On December 1, 2017, the United States Department of Agriculture (USDA), Food Safety and Inspection Service (FSIS or the agency) issued its Fiscal Year 2018 Annual Plan.  The Annual Plan, which is directly aligned with the agency’s 2017 – 2021 Strategic Plan, outlines the ways FSIS plans to achieve its strategic goals over the next fiscal year. It serves as an operational guide for FSIS, where the agency explains the progression of activities from the key milestones the agency achieved in FY 2017, outlines what it plans to achieve in FY 2018 and why, and describes how it will assess progress by using Strategic and Annual Plan measures and targets.

Overall, the agency anticipates focusing on prevention of product contamination and foodborne illness, modernizing systems and approaches, and streamlining to enhance business. Continuing priorities for FY 2018 include further implementation of the New Poultry Inspection System (NPIS) and Siluriformes fish inspection, effectively using Public Health Risk Evaluations (PHREs) and pathogen reduction performance standards for Salmonella and Campylobacter in poultry, and modernizing swine and egg products inspection systems. The agency plans to continue increasing use of whole genome sequencing, further develop key informational tools and resources for inspection personnel, and work with public health partners to prevent Listeria monocytogenes in retail  delicatessens. The agency will also encourage industry continued adoption of food defense and humane handling practices, and consumer adoption of safe food-handling practices.

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On November 16, 2017, the Food and Drug Administration (FDA or the agency) issued a federal register notice soliciting comments on its Draft Guidance for Industry, “Best Practices for Convening a GRAS Panel.”

The Draft Guidance is intended for persons responsible for a conclusion that a substance may be used in food on the basis of the generally recognized as safe (GRAS) provision of the Federal Food, Drug, and Cosmetic Act (FFDCA) when that person convenes a panel of experts (GRAS panel) to independently evaluate whether the available scientific data, information, and methods establish that the substance is safe under the conditions of its intended use in human or animal food.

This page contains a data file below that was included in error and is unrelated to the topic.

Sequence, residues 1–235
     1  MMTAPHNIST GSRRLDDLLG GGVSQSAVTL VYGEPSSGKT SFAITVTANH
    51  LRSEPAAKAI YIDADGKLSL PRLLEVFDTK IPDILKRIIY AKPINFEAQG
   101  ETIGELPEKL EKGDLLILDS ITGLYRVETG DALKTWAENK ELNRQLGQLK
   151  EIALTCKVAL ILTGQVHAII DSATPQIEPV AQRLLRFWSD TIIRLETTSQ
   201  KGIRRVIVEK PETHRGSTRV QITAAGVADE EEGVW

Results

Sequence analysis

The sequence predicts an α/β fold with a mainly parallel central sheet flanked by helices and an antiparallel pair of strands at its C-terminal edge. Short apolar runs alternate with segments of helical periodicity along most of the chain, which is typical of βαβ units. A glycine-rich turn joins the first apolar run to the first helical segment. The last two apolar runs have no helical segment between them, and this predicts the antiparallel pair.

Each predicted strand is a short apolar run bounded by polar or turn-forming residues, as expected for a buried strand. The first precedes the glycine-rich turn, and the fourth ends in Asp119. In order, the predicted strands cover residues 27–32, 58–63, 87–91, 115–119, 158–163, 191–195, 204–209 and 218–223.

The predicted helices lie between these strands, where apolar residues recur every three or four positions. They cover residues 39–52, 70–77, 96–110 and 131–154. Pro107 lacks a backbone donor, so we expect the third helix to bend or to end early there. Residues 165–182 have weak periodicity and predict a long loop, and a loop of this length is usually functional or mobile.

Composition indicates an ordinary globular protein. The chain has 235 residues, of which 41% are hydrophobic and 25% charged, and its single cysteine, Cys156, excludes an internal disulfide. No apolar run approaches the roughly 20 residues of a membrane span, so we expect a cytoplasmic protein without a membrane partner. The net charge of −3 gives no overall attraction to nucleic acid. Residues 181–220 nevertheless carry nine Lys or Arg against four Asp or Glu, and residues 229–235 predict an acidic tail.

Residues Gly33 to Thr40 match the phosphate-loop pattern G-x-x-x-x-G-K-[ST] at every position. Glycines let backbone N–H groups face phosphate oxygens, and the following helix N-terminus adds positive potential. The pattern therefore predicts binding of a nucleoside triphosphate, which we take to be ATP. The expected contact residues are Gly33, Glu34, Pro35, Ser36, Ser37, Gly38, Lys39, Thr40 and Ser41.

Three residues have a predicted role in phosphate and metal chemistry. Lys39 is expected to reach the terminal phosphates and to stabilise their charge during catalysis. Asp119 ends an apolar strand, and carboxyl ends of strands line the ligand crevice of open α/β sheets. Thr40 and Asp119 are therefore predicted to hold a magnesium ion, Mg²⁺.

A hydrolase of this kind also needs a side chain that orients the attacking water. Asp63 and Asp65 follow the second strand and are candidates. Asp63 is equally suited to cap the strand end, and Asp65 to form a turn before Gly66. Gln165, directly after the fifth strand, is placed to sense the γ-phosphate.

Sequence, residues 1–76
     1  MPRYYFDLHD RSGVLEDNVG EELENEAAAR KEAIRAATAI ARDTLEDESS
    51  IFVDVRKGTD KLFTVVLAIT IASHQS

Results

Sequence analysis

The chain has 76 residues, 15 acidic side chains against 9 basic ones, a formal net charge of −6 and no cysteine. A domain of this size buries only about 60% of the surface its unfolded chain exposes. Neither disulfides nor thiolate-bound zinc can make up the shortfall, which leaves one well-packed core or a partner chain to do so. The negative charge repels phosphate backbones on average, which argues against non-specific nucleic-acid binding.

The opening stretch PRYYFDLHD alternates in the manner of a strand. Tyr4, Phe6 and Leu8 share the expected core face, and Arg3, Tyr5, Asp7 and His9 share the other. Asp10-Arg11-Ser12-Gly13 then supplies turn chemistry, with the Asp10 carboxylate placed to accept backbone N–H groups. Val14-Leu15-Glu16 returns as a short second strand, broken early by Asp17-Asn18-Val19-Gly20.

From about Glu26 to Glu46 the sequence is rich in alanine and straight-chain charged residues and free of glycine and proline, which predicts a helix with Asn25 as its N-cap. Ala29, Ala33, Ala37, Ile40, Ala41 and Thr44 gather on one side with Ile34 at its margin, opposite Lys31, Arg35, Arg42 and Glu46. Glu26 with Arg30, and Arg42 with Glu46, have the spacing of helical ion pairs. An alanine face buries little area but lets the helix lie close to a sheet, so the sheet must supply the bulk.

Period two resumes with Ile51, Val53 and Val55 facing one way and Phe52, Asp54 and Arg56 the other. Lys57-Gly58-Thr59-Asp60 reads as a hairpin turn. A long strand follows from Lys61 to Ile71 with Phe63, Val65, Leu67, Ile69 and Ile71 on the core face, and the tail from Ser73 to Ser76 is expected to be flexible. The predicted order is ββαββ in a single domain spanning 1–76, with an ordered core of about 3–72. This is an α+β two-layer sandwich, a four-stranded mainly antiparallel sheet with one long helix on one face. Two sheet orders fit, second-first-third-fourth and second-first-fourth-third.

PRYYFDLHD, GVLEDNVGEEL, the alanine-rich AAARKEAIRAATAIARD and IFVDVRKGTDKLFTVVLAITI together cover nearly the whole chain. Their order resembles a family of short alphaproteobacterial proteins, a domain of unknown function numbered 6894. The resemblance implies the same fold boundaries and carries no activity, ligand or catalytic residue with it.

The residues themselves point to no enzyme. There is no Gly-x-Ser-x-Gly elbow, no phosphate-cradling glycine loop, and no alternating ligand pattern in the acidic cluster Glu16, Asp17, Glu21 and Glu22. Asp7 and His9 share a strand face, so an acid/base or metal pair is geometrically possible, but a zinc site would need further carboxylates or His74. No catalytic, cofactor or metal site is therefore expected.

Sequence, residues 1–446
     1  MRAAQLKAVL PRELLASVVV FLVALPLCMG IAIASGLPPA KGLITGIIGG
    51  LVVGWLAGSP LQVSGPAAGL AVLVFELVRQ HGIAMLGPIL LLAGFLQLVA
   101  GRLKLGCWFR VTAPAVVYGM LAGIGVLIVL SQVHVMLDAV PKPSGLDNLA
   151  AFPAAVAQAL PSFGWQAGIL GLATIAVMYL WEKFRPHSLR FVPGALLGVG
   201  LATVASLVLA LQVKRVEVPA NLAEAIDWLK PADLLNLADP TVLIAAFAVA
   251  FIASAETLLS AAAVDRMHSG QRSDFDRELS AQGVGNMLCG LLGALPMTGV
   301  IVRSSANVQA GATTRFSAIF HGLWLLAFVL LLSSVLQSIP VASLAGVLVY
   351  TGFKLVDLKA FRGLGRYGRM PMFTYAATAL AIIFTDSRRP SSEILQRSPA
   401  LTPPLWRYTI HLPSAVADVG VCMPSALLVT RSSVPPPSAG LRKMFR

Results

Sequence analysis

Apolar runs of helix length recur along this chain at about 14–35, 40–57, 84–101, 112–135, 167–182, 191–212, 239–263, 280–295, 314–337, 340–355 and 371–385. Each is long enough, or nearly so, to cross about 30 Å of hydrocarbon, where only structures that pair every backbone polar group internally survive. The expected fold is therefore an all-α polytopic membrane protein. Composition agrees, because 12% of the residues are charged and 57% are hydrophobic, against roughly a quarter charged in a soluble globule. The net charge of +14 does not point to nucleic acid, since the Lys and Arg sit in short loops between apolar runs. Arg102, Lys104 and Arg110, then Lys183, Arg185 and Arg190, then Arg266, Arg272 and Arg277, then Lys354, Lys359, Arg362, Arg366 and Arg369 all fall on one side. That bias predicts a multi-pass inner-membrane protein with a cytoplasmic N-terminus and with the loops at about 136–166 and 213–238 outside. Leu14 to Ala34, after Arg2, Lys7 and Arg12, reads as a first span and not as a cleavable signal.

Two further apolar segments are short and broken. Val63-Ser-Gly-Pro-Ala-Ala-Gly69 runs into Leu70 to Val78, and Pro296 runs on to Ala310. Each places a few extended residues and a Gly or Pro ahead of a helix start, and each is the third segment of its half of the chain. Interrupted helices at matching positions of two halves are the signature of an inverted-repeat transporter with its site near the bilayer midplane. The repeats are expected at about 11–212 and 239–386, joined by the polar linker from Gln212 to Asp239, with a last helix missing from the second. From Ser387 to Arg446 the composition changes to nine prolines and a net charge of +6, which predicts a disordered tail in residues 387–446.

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The U.S. Food and Drug Administration (“FDA”) recently issued a guidance document entitled “Supply-Chain Program Requirements and Co-Manufacturer Supplier Approval and Verification for
Human Food and Animal Food: Guidance for Industry.” This guidance is directed toward participants in “co-manufacturing” agreements in which a brand owner arranges for a second party
(the “co-manufacturer”) to manufacture food on its behalf and, as explained below, will affect contracts between brand owners and co-manufacturers, and brand owners and suppliers.

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The UK Food Standards Agency (FSA) is consulting on its proposals to amend the Feed Law Code of Practice and Practice Guidance. The Code and Guidance have to be taken into account by local authorities when enforcing feed law requirements in England (there are separate documents for Wales, Scotland and Northern Ireland).

The FSA is developing an innovative “whole system strategy” to feed law control and enforcement. The proposed amendments to the Code and Guidance aim to improve consistency of enforcement and reduce the regulatory burden for feed businesses, while maintaining a high level of public and animal protection.

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FDA is continuing to release resources intended to assist industry with implementation of the FDA Food Safety Modernization Act (FSMA). This post discusses four such documents that were released recently. First, FDA released Draft Guidance explaining the meaning of the phrase “solely engaged,” which is used in the regulations to establish several exemptions from the Preventive Controls for Human Food (PCHF) and Preventive Controls for Animal Food (PCAF) rules. Second, FDA finalized its Guidance on current Good Manufacturing Practice (cGMP) requirements for animal food. Third, FDA developed a training program for carriers who are subject to the Sanitary Food Transportation rule. Finally, FDA released a new web page that lists compliance dates for rules that form the foundation of FSMA.

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The European Commission has published a draft implementing Regulation setting out the proposed official EU list of authorized novel foods.

A ‘novel food’ is a food or ingredient that has not been consumed to a significant degree in the EU prior to 15 May 1997. These include products traditionally eaten outside the EU prior to this date, such as chia seeds, argan oil and noni fruit juice, as well as foods produced using innovative processes, such as UV-treated mushrooms.

Currently, food manufacturers looking to use a novel food or ingredient in their products have to obtain prior authorisation from the first country in the EU in which the food/ingredient will be marketed. That authorization applies across the EU but is personal to the applicant, so other companies wishing to use the same food/ingredient have to apply for a separate authorization.